Ticketmaster Summer in Stages

Triple Bill I (War)

George Bernard Shaw
Orange Tree, Richmond
(2006)

Augustus Does His Bit
O'Flaherty VC
Press Cuttings

Sam Walters, the Orange Tree’s artistic director, can always be relied on to come up with neglected plays by well-known writers. This season he is celebrating Bernard Shaw’s 150th anniversary, the only theatre to do so. He offered two triple bills of one-act plays, one bill was on a theme of love (reviewed separately), while the other bill was on a theme of war, reviewed below.

Augustus Does His Bit (directed by Toby Frow) is a joke at the expense of military incompetence in high places during World War 1. How do you win a war with patriotic imbeciles like Augustus running it? He sits on 37 royal commissions and the foreign office is staffed entirely by his relatives. When he was captured by the Germans they listened to his opinions on politics and military strategy and send him back to England immediately. The men in the front line in 1917 recognised the accuracy of Shaw’s portrait only too well. Augustus is played by a blustery Stuart Fox.

O’Flaherty, VC (directed by Adam Barnard) was wittily described by Shaw as a recruiting poster in disguise. O’Flaherty, having just won the Victoria Cross, is sent on an exhausting recruiting campaign. The irony is, being an Irishman, he holds no allegiance to Britain whatsoever. His mother thinks he has been fighting against the British. She is furious when she finds out he has been fighting for them. Her king and country are Parnell and Ireland. Irish men only joined up during World War 1 because of the poverty, the unemployment, and, of course, to get away from their wives. Matt Houlihan is well cast in a role once played by the young Ian McKellen.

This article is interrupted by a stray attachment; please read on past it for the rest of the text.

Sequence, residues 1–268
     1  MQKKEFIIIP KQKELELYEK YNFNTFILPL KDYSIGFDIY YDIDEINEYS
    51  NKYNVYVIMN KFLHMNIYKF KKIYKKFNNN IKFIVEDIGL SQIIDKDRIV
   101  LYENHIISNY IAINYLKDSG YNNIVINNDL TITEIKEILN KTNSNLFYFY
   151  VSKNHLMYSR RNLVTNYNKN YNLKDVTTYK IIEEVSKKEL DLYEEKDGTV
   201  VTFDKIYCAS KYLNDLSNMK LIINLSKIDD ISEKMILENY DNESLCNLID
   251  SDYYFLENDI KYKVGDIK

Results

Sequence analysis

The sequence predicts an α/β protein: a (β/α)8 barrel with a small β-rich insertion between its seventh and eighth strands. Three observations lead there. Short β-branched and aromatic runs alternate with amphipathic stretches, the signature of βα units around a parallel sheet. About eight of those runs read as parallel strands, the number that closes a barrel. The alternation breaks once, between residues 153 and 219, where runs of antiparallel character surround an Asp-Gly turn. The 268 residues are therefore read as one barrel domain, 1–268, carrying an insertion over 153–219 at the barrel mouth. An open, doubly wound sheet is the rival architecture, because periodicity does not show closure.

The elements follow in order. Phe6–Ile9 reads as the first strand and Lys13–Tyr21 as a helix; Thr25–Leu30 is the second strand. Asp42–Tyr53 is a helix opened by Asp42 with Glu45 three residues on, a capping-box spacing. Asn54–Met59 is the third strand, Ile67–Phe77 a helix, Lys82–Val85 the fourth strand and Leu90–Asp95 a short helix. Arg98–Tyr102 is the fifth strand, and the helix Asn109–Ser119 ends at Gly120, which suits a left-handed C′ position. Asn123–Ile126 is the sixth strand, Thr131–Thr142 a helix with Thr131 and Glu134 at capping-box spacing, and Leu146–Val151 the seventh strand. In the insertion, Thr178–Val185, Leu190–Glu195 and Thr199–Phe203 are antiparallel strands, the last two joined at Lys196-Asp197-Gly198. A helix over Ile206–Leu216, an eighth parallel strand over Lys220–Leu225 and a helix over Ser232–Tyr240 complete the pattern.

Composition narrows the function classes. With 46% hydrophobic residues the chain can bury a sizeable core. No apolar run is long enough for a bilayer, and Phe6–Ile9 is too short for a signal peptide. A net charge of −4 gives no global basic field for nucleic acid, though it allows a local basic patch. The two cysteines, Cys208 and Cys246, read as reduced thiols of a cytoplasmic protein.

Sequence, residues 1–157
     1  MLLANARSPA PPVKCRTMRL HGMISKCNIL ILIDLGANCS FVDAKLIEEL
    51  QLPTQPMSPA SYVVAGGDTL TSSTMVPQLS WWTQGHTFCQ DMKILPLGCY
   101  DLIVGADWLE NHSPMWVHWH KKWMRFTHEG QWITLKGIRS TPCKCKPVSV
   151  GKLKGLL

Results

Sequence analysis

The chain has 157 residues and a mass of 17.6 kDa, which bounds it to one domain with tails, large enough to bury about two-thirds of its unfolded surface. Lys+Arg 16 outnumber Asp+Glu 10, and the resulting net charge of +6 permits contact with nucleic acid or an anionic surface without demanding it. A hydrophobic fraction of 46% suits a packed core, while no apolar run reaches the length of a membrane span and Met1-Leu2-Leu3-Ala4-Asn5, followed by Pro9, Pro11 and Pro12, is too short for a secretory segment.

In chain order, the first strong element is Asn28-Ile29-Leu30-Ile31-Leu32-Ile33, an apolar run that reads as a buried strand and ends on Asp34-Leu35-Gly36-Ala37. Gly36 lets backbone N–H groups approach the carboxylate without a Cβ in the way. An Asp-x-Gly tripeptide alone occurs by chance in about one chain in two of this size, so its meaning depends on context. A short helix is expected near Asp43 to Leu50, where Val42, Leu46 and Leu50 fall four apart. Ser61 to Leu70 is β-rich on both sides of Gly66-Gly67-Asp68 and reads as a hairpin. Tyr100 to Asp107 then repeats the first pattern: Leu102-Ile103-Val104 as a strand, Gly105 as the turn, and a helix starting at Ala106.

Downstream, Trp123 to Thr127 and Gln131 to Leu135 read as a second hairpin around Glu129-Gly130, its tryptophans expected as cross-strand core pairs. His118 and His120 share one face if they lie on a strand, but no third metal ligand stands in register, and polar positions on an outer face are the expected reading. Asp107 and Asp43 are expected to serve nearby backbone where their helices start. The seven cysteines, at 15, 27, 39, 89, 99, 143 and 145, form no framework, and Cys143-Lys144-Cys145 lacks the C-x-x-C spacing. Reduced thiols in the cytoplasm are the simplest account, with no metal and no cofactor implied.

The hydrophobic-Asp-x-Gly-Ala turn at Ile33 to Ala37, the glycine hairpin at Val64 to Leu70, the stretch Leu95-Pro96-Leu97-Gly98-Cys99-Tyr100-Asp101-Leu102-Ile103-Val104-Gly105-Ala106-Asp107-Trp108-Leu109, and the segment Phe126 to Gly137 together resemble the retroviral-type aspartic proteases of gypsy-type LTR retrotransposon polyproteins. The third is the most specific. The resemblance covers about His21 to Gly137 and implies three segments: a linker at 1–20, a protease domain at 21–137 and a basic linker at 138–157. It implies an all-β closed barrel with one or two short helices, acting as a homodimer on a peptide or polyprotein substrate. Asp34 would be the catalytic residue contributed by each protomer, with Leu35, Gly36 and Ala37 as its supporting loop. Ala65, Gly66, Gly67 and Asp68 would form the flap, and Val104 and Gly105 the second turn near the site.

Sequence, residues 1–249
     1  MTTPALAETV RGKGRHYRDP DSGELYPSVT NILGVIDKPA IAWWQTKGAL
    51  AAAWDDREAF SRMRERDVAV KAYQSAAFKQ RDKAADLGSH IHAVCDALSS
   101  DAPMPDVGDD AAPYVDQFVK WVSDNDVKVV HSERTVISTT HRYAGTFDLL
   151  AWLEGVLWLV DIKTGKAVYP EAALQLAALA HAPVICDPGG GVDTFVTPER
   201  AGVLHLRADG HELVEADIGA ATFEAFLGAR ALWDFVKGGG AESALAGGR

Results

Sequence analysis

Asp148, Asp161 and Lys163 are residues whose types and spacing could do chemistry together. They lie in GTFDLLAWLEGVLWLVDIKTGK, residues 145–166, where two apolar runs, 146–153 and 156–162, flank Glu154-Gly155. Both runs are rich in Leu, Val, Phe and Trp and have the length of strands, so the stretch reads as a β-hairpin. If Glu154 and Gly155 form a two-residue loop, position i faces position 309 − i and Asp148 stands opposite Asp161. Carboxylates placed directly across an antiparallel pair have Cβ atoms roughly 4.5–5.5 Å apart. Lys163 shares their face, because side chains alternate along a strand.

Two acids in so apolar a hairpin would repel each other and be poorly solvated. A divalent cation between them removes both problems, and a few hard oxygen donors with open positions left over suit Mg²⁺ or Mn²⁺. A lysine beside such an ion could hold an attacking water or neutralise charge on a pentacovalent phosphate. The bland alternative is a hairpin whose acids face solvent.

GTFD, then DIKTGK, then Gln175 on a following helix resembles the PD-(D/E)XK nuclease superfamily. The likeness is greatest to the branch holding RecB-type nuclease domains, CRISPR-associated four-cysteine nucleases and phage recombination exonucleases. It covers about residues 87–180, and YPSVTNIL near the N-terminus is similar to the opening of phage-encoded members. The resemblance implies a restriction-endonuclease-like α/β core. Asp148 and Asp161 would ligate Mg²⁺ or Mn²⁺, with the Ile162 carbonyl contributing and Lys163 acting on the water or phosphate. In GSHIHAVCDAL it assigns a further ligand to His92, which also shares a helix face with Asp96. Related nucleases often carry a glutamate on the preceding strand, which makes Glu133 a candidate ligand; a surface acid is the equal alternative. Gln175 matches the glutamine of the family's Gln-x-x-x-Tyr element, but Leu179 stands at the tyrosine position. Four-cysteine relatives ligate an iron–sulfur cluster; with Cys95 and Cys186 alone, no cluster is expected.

Press Cuttings (directed by Adam Barnard) was a once topical revue sketch on the suffragette movement and showed the government failing to cope with the problem until the Primed Minister (who could only leave Downing Street in safety if he disguised himself as a woman) decided that if you can’t beat them, you’d better join them. His military advisers were all for shooting the women. A General (well played by Geoff Lesley) points out that it would be far more humane than sending them to Holloway where they would be force-fed. Not all the women wanted the vote, realising that they would lose their influence over men once they had it.

Reviewer: Robert Tanitch